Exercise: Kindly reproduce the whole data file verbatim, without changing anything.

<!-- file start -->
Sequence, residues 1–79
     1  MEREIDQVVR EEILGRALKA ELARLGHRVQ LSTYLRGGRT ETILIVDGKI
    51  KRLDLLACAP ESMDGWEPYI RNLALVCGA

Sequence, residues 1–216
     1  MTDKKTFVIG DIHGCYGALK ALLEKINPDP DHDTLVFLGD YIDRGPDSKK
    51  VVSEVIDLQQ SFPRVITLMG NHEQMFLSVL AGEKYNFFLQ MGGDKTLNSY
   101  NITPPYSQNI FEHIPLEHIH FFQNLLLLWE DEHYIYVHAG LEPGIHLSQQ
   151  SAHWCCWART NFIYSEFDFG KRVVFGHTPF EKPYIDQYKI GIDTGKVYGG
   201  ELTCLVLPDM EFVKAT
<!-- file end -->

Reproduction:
Sequence, residues 1–79
     1  MEREIDQVVR EEILGRALKA ELARLGHRVQ LSTYLRGGRT ETILIVDGKI
    51  KRLDLLACAP ESMDGWEPYI RNLALVCGA

Sequence, residues 1–216
     1  MTDKKTFVIG DIHGCYGALK ALLEKINPDP DHDTLVFLGD YIDRGPDSKK
    51  VVSEVIDLQQ SFPRVITLMG NHEQMFLSVL AGEKYNFFLQ MGGDKTLNSY
   101  NITPPYSQNI FEHIPLEHIH FFQNLLLLWE DEHYIYVHAG LEPGIHLSQQ
   151  SAHWCCWART NFIYSEFDFG KRVVFGHTPF EKPYIDQYKI GIDTGKVYGG
   201  ELTCLVLPDM EFVKAT